Who has limned the avarice of children? Their greed is innocently relentless. More than adults, children are mouths and grasping fingers. For Christmas the boys got their first Monopoly set and since then we’ve played at least one game every day. My brother and I were the same, staging marathon sessions, unleashing our inner capitalists. As adults, neither of us is acquisitive or a tightwad. We’re indifferent to the accumulation of stuff so central to the lives of many. Perhaps, after hundreds of hours spent arguing over the board as kids, we got it out of our systems.
Who has limned the lives of American children, their sensibilities, their “material culture,” as the professors say? Steven Millhauser has, for almost 40 years. He’s a fantasist with an obsessive eye for details of American life. In his second novel, Portrait of a Romantic (1977), probably his least-read book (if not From the Realm of Morpheus, 1986), his narrator is a dreamy, yearning adolescent, Arthur Grumm. Among his friends is William Mainwaring, an obsessive game-player and record-keeper. Grumm describes Mainwaring in a way that recalls Michael, my 9-year-old:
“Like myself [he] played to win, and an eager rivalry soon sprang up between us. But there was this difference, at least to begin with, that whereas my passion was solely for the sake of the game, and was always in danger of collapsing into indifference [a quintessential Millhauser observation], his was part of his very nature, and flourished in the empty spaces between games.”
Mainwaring, like Michael, is an inflexible stickler for the rules of any game:
“When playing Monopoly, for instance, father and I had always put the money owed to Chance, Community Chest, Luxury Tax, and so forth in the center of the board, where it was collected by anyone who landed on Free Parking. But William insisted that you had to pay it to the bank. `Show me,’ I demanded, rapping the instructions with my forefinger. At once William snatched up the folded sheet, opened it eagerly, and began scanning the lines in hungry haste. `Here it is,’ he said, thrusting the sheet before me and holding in place his infuriating forefinger.”
Out of love for the game, Grumm concedes, and Mainwaring gets his way:
“`You sound like my mother,’ I said, as nastily as possible, and he looked at me with hatred. But I wanted to play Monopoly. We paid the money to the bank.”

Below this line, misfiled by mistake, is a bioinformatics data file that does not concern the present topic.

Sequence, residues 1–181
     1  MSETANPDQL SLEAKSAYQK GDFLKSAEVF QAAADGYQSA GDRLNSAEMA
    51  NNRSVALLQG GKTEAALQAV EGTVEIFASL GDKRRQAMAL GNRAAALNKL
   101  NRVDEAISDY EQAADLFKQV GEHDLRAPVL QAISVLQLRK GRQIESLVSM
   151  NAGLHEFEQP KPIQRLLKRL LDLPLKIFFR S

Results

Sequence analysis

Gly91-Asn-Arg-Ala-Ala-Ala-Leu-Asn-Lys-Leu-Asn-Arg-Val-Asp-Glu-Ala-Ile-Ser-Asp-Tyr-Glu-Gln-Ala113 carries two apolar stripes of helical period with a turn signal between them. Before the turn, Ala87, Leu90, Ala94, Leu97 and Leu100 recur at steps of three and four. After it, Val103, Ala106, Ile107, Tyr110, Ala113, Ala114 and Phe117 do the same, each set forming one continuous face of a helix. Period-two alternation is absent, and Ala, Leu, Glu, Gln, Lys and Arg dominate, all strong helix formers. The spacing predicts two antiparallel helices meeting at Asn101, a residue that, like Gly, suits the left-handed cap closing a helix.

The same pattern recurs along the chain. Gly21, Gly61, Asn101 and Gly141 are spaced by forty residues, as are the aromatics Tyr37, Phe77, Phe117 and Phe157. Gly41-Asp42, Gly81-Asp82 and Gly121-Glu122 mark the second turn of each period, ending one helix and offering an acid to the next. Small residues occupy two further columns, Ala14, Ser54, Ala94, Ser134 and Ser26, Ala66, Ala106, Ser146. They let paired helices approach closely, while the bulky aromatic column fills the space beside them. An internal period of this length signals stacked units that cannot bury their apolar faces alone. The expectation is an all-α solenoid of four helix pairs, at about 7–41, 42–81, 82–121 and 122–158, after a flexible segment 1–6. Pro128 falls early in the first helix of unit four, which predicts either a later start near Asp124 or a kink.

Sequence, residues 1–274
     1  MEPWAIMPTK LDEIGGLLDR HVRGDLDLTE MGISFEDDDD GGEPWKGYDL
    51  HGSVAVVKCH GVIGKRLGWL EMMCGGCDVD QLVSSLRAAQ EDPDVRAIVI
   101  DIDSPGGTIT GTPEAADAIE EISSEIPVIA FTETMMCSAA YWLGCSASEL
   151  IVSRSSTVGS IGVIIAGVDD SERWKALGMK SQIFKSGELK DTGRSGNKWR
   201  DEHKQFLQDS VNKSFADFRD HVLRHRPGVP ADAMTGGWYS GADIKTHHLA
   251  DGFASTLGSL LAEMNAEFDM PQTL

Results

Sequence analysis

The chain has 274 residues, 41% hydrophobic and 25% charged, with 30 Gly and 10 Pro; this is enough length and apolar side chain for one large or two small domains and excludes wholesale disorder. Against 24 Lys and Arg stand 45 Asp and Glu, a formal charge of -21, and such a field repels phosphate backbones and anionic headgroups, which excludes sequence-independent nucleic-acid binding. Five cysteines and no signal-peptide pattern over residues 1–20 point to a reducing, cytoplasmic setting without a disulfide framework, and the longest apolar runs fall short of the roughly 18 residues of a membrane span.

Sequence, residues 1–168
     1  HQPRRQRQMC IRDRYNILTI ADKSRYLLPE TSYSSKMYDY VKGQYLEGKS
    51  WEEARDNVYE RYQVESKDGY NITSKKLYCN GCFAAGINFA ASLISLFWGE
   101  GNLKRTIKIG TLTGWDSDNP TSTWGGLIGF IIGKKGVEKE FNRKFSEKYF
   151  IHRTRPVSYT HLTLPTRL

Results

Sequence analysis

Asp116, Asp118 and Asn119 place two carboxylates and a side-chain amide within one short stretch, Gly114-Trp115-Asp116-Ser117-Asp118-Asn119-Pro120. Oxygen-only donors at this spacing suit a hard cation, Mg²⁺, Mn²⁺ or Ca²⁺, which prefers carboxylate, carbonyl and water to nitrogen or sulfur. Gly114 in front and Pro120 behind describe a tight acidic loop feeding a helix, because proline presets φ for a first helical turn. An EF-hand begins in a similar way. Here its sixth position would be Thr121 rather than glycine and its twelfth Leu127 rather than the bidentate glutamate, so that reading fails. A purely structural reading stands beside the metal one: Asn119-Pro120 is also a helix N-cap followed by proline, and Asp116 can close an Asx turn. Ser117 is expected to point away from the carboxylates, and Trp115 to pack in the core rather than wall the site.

Michael hasn’t reached the depths of Mainwaring’s mania:
“[He] was an avid keeper of records, and one day he brought with him a special two-ring notebook divided into numerous sections by white tabs on which were neatly printed the names of our various games: Boxes, Canasta, Checkers, Chess, Ghosts, Gin Rummy, Monopoly, Ping-Pong, Salvo, Scrabble, Tic-tac-toe,” and so on.
Millhauser’s tone, unlike any contemporary’s though somewhat like Nabokov’s, mingles comedy, nostalgia and ineffable sadness – the tone of childhood recalled. In the title story from his 1990 collection The Barnum Museum, Millhauser writes:
“Among the festive rooms and halls of the Barnum Museum, with their flying carpets, their magic lamps, their mermaids and grellings, we come now and then to a different kind of room. In it we may find old paint cans and oilcans, a green-stained gardening glove in a battered pail, a rusty bicycle against one wall; or perhaps old games of Monopoly, Sorry, and Risk, stacks of dusty 78 records with a dog and Victrola pictured on the center labels, a thick oak table-base dividing into four claw feet. These rooms appear to be errors or oversights, perhaps proper rooms awaiting renovation and slowly filling with the discarded possessions of museum personnel, but in time we come to see in them a deeper meaning.”
As I play Monopoly with my sons I’m aware of being present at the creation of memories that will outlast me. Nabokov writes in the final sentence of “A Guide to Berlin”:
“How can I demonstrate to him that I have glimpsed somebody’s future recollection?”